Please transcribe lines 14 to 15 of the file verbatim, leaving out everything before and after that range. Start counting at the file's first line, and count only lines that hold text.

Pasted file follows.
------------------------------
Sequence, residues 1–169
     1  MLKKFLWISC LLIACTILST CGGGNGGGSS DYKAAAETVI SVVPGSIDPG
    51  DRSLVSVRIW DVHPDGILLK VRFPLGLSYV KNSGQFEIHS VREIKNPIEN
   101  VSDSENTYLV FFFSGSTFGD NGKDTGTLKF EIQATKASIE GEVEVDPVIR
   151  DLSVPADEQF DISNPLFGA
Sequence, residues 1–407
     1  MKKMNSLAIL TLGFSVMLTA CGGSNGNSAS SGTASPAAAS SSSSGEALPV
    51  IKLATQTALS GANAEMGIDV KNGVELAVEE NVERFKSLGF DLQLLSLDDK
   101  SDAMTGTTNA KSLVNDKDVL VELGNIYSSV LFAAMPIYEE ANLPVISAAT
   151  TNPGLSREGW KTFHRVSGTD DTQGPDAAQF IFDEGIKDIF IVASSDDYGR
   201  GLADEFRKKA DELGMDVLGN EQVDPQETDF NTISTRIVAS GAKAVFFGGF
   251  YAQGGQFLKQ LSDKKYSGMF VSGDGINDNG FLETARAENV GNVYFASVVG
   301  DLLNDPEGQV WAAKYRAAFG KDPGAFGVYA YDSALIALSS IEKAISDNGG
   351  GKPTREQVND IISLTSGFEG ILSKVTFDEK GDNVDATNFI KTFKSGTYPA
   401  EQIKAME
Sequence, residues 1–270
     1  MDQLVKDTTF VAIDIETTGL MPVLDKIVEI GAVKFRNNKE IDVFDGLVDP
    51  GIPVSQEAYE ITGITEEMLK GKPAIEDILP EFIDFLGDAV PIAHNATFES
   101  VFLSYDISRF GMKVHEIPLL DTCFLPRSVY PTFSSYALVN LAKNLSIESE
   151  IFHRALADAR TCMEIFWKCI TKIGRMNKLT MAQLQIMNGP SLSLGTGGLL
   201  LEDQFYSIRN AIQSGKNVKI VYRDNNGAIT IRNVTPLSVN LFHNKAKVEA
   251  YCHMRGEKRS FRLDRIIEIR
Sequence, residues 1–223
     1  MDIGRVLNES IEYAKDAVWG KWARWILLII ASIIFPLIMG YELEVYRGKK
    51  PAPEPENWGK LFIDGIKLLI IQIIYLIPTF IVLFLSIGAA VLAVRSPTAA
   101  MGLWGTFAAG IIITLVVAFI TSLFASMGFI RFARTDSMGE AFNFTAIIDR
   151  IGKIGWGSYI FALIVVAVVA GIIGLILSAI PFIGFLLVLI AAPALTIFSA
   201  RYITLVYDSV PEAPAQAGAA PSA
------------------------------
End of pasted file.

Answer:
   351  GKPTREQVND IISLTSGFEG ILSKVTFDEK GDNVDATNFI KTFKSGTYPA
   401  EQIKAME